Just as the cable television community converged on New Orleans for its annual blow-out, citizens groups appeared on Capitol Hill calling on legislators push for cable's greatest nightmare -- a la carte channel selection.
The Concerned Women for America (CWA) and Citizens for Community Values (CCV) joined forces to commission an opinion poll on where Americans stood on the a la carte issue. In a finding that shocked few but probably cut into hurricane time down in the Big Easy, the majority of people surveyed preferred ordering and paying for only those channels they wanted, a/k/a, a la carte. Of 1,000 people surveyed in mid-April, around 80 percent indicated they would prefer a la carte pricing.
In a further breakdown of the results, about 62 percent of those surveyed were actually cable subscribers, and of those, 62 percent said they preferred a la carte. Of the non-cable subscribing 38 percent, 66 percent said they'd be more likely to subscribe under an a la carte option, and 39 percent said they'd be "much more likely to subscribe, (which can only mean that at least 5 percent of that group is both "more likely" and "much more likely" to subscribe, because 66 plus 39 is 105 and that's more than everything, although not much more.)
The citizen's groups laid out the findings of their survey on Wednesday, the last day of the NCTA's National Show, when the collective hangover on the bayou is generally the worst. And to make sure they were not ignored, the CWA and CCV held a press conference on the Hill that included some of television's thorniest critics, from Sen. John McCain, (R-Ariz.), to Gene Kimmelman of the Consumers Union and Brent Bozell of the Parents Television Council.
Having the preceding three individuals in agreement on anything at all suggests an issue with the potential to unify people who could typically not order a pizza together even if they were starving. Cable operators and their lobbyists have long worked very hard to keep even the concept of a la carte channel selection under wraps. As long as five years ago, an AT&T engineer said "cherry-picking" technology was widely available; "cherry-picking" being the slang for the technology necessary to provide a la carte channel line-ups. But technology is not the issue. Cable's business model is the issue.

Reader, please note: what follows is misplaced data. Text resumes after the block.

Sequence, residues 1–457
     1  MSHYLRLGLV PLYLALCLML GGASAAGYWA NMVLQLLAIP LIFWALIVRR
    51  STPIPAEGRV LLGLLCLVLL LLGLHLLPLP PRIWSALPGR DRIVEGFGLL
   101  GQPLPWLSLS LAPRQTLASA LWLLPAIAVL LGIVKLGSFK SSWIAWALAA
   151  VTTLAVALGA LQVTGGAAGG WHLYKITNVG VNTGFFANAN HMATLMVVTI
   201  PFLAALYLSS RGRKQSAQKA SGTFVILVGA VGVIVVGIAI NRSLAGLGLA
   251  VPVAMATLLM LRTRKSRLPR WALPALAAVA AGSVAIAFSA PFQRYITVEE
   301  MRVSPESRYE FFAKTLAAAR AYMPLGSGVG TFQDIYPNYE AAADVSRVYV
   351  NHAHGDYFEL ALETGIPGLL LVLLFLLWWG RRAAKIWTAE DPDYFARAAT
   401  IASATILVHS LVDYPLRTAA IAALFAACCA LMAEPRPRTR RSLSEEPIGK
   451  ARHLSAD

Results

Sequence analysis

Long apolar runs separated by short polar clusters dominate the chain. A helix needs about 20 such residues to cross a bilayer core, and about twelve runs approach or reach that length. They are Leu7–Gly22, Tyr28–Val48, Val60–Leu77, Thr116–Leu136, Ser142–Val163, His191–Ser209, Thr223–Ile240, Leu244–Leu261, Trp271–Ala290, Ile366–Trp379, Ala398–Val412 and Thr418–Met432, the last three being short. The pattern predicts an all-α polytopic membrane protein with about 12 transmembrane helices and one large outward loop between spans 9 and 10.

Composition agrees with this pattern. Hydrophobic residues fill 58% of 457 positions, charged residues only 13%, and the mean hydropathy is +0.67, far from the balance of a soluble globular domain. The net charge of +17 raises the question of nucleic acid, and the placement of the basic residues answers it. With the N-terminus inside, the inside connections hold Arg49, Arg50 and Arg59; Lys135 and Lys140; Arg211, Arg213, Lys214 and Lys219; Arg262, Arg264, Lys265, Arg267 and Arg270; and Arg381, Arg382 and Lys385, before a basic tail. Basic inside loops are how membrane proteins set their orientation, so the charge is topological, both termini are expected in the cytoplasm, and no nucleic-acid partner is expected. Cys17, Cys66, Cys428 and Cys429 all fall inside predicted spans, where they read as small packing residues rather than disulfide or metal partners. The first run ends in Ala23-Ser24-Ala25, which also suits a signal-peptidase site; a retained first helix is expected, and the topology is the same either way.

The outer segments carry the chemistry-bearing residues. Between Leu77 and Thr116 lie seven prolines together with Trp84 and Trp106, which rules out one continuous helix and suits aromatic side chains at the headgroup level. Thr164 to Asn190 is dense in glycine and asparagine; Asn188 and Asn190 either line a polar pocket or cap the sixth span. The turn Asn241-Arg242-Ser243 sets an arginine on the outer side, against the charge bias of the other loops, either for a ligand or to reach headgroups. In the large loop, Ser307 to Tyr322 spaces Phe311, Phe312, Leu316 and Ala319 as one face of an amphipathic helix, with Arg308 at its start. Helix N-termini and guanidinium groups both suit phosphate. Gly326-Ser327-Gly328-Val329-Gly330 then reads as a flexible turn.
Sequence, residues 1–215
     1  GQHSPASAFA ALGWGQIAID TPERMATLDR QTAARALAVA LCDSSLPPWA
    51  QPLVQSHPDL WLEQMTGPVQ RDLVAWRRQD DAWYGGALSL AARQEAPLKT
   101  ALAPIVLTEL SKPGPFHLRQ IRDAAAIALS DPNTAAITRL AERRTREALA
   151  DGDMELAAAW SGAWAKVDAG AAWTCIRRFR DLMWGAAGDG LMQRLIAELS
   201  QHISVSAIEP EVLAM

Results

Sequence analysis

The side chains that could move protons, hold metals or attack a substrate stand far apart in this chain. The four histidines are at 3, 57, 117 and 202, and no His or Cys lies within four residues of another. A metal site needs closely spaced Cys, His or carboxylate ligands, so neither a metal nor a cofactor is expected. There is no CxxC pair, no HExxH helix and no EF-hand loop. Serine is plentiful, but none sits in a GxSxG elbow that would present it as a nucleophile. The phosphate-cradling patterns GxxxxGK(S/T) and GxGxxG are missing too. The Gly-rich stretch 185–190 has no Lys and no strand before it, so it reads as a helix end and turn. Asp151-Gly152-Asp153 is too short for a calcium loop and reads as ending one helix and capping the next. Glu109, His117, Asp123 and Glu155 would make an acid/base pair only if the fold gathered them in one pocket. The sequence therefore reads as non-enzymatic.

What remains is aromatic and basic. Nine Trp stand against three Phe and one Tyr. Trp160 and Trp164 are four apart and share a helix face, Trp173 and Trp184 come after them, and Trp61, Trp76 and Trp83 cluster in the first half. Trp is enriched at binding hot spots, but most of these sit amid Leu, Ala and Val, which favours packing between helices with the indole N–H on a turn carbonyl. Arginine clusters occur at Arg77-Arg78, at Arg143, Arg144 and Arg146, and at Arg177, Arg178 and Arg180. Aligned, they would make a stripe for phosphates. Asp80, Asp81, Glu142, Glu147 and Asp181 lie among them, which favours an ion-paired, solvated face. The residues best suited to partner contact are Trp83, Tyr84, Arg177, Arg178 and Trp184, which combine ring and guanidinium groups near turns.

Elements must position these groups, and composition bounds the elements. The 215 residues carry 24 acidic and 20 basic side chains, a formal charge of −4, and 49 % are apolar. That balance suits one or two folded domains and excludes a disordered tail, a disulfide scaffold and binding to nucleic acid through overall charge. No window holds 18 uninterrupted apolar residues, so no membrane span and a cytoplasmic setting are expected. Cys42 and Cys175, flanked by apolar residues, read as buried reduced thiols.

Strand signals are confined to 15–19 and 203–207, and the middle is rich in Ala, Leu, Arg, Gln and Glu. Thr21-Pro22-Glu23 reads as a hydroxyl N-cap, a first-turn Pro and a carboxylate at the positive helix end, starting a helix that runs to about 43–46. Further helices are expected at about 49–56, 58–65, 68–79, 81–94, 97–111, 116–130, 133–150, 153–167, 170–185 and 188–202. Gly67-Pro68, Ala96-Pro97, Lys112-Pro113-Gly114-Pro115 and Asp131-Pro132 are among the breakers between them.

Now that the idea of a la carte is infiltrating the mainstream, cable is coming out gunning in defense of its business model, which would, indeed, be heaved into chaos if a la carte were suddenly required. (Broadcasters, whose effort to protect their own business model have been characterized as greedy spectrum-grabbing, can certainly sympathize, but probably won't.) Cable networks have long relied on a dual-revenue stream; one from advertising, and one from the monthly, per-subscriber fees they get from the cable operators who carry the channels.
For the larger, more established networks like Lifetime, ESPN and TNT, which reach almost all cable and satellite subscribers, a la carte potentially could cut their distribution drastically, affecting both revenue streams. For smaller cable start-ups that have yet to develop a following, (although most, if not all, belong to an established network group), a la carte could erase them altogether.
In a move apparently intended to invoke female loyalty, the NCTA pulled together its women cable executives down in New Orleans to answer the CWA's call for a la carte. A letter signed by 20 of the cable industry's most powerful women, including Anne Sweeney, president of Disney-ABC Television and Judith McGrath, president of MTV Networks, laid out the scenario that a la carte will cost dearly. (Coincidentally, several of the women who signed the letter gathered in Washington, D.C. three years ago to remind the NCTA that it was supposed to be representing networks as well as cable operators.)
"As women television executives, who have strived to create quality programming, we take pride in the fact that our networks have vastly expanded programming choice and diversity for American consumers. Government efforts to dictate how our programming is packaged or marketed would be bad for consumers because it would give them less choice and less diversity in programming, and it would increase the price they would pay for this inferior set of offerings," the letter stated. "Under an a la carte system, consumers who now pay $40 per month for expanded basic cable service that provides 60 to 70 channels, may need to pay the same $40 for a fraction of the channels they currently receive."
The NCTA subsequently released a white paper entitled, "The Pitfalls of A La Carte: Fewer Choices, Less Diversity, Higher Prices."
"A government policy to require a la carte is not simply 'tinkering' with the cable and satellite industries' business model," the paper stated. "It forsakes a highly successful, market-driven business model, to substitute an entirely new model with no empirical evidence as to its long-term viability, and turns back the clock on the extraordinarily diverse programming business that has developed over the last 30 years."
Broadcasters, meanwhile, relaxed for a minute.
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